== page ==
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Old June 9, 2005, 10:23 AM   #1
Steve Morgan
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Reloading .38+P ammo

Hi guys,
I got a new .38 snubby and am having a little trouble reloading. First of all, I have been reloading shotgun and rifle ammo for 30 years and .44 magnum as well as .357 magnum for about a year, all with no problems. Just do what the reloading manual says and blammo My .38 snubby is a different story though. I bought some factory Remington +P loads, so I know about how it should feel with recoil, velocity etc. I tried the appropriate amount of Clays powder for a standard .38 load and think that I might be able to throw the bullets as fast as it was shooting That was with 110 grain bullets. Unique powder at standard .38 pressures was a little better, but the first of 5 would almost always feel very soft. Blue Dot powder at +P pressures with 125 grainers seemed to do OK, but the first shot usually hit low and felt soft and the velocity of some other shots seemed slow.
Please, can someone tell me which powder/bullet weight combos to use for consistent velocities? Thanks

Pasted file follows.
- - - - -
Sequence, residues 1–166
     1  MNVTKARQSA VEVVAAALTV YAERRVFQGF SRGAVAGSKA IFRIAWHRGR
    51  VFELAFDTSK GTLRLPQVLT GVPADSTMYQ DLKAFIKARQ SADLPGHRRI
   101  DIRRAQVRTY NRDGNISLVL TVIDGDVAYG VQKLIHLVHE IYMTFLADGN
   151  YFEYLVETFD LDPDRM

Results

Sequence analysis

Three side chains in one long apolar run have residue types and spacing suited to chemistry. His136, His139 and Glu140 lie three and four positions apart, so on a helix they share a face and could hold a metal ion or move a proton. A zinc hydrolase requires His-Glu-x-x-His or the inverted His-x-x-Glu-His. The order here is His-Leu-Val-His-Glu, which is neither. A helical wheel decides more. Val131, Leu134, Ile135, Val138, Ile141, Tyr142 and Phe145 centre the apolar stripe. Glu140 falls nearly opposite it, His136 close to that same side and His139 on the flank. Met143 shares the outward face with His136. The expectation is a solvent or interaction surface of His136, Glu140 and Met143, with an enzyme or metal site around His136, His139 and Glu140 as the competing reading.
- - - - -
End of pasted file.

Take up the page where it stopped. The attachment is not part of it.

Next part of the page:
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Old June 9, 2005, 08:39 PM   #2
Person of Interest
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I use loads published in a Speer manual from 1970. I pack 125 JHPs at 1,100 FPS for my carry load and this is more than factory +Ps.

Loads like this don't appear in more recent books due to liability concerns with older and cheaper guns that turn up. In my steel frame S&Ws (K and J) I have had no trouble with these loads.
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Old June 9, 2005, 09:41 PM   #3
Majic
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With a short barrel I would use no powder slower than Unique. In fact I would only use the faster powders. You just don't have enough barrel to burn the slower powders.
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Old June 9, 2005, 11:13 PM   #4
d_mikey
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Agree with Majic. 231, bullseye and Unique are great for this. One thing I have noticed though, is that a couple tenths of a grain can make the difference between regular and +p pressures with these powders. So be precise.
Theoretically, a slower powder than these can be loaded easily to +p pressures, but I wonder if you will get any benefit from them in snubby barrels. And less burned powder means more of a mess....
But then, I'm not exactly an expert. I have to admit to liking light loads for practice, and haven't tried much in full power loads. I did recently buy some WST, a slightly slower relative of 231, to try for some heavier loads. Don't know when I will get around to actually trying it......

Mikey
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Old June 10, 2005, 08:49 AM   #5
Steve Morgan
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reloading .38 spl.

Guys,